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Clive Barnes, longtime theater and dance critic for the New York Times and New York Post, died Nov. 19 of cancer at Mount Sinai Hospital in New York. He was 81.

The London-born Barnes had a long run as a critic covering the arts scene in New York and abroad. He arrived in 1965 from England to write for the Times, where he was its dance critic until 1977. He was also the paper's daily drama critic for 10 years.

Barnes then moved to the Post, where he was the paper's chief theater and dance critic for more than three decades.

Barnes was a prodigious, prolific writer on the culture scene, often out four, five or more times a week attending theater, ballet and opera, which he also reviewed for the Post.



Irving Brecher, who wrote vaudeville one-liners for Milton Berle and scripted Marx Brothers movies and the 1944 musical "Meet Me in St. Louis," died Nov. 17 died at Cedars-Sinai Medical Center in Los Angeles. He was 94.

At 19, Brecher and a friend began a comedy-writing service for entertainers, promising jokes so bad even notorious gag-stealer Berle wouldn't use them.

Berle was their first customer. He then took Brecher along when he moved into radio and the movies and went to Hollywood, where Brecher got a contract with Mervyn LeRoy, head of production at MGM.

He was an uncredited script doctor on 1939's "The Wizard of Oz" and wrote screenplays for the Marx Brothers movies "At the Circus" (1939) and "Go West" (1940). Brecher also wrote for the TV and film versions of "The Life of Riley."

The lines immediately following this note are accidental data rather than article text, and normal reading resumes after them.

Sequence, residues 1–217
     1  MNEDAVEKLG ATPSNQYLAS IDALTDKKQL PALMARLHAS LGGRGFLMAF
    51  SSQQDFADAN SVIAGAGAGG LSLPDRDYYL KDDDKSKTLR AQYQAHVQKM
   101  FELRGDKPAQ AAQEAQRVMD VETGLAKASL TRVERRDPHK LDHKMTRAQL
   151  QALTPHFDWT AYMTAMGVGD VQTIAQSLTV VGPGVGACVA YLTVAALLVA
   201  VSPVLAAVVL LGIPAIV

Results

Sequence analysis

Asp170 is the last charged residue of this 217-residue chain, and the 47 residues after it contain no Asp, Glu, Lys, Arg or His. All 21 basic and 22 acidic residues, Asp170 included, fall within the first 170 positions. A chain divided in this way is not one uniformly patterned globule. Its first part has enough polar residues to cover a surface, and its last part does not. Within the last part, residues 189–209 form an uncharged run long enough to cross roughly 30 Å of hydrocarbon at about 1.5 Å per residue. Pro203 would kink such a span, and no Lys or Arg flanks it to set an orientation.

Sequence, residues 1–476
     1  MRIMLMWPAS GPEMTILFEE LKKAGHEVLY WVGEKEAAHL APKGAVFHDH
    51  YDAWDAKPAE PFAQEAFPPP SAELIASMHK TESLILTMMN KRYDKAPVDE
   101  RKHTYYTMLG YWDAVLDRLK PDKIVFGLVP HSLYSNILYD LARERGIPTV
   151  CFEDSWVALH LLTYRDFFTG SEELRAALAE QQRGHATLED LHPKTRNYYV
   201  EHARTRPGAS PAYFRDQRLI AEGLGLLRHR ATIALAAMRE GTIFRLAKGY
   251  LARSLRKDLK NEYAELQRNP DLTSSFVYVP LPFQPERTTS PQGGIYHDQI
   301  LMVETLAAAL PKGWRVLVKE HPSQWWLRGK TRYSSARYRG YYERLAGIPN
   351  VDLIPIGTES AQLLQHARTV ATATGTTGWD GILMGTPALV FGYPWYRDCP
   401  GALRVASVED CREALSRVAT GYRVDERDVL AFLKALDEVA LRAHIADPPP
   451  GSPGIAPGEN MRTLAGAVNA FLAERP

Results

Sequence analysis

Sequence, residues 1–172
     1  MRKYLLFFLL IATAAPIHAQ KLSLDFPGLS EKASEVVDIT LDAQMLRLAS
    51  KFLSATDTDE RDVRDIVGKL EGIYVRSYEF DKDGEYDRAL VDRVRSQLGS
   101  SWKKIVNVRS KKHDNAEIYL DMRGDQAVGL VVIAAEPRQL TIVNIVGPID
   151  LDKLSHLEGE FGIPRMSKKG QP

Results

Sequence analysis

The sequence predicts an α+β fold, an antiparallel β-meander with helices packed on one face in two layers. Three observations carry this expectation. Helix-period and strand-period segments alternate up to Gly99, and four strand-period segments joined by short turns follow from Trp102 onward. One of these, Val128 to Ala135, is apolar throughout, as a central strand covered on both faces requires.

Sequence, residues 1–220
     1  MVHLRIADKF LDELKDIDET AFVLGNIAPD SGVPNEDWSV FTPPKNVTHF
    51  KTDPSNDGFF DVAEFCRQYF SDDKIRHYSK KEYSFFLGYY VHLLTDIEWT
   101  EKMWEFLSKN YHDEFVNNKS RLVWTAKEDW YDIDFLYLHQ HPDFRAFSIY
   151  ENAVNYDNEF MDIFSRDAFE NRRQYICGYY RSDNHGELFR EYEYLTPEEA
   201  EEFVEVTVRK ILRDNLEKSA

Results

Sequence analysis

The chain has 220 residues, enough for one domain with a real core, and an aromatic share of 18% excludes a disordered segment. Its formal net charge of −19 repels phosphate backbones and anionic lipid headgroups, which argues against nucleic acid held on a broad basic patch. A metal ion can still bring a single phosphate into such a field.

Irving Gertz, a composer who contributed music to such 1950s science fiction films as "It Came From Outer Space" and "The Incredible Shrinking Man" and to 1960s TV series like "Voyage to the Bottom of the Sea," died Nov. 14 at his Los Angeles home, the Los Angeles Times reported. He was 93.

From the late 1940s to late '60s, Gertz wrote music for 200 movies and TV shows.

Among his film credits are "Abbott and Costello Meet the Mummy" (1955), "Francis Joins the WACS" (1954), "The Alligator People" (1959), "Overland Pacific" (1954), "To Hell and Back" (1955) and "Flaming Star" (1960).

His work on TV also included "Daniel Boone," "Land of the Giants" and "Peyton Place."



Jay Fiondella, the colorful owner of the Chez Jay restaurant, a celebrity hangout in Santa Monica for nearly five decades, died Nov. 6 after a long battle with Parkinson's disease. He was 82.

Fiondella's spot on Ocean Avenue was frequented by an endless list of showbiz icons, many of whom were Fiondella's pals, including Frank Sinatra, Judy Garland, Marlon Brando, Lee Marvin, Robert Stack, Natalie Wood, Warren Beatty, Elizabeth Taylor, Johnny Carson, Clint Eastwood, Michelle Pfeiffer, Mel Gibson, Sean Penn and Drew Barrymore.

Fiondella forbade any photographers, reporters or autograph seekers from staking out his place.

As an actor, Fiondella appeared in more than 50 TV shows and feature films, including TV's "Gunsmoke," "Perry Mason," "Batman," "Mission: Impossible" and "Fantasy Island"; three "Lethal Weapon" films; and "Short Cuts" (1993).

Fiondella moved to Los Angeles in the early 1950s hoping to become an actor. His first Hollywood roommate was Leonard Nimoy. In 1959, Fiondella opened Chez Jay and named it as a tribute to Sinatra, who ran a joint named "Chez Joey" in his 1957 film "Pal Joey."
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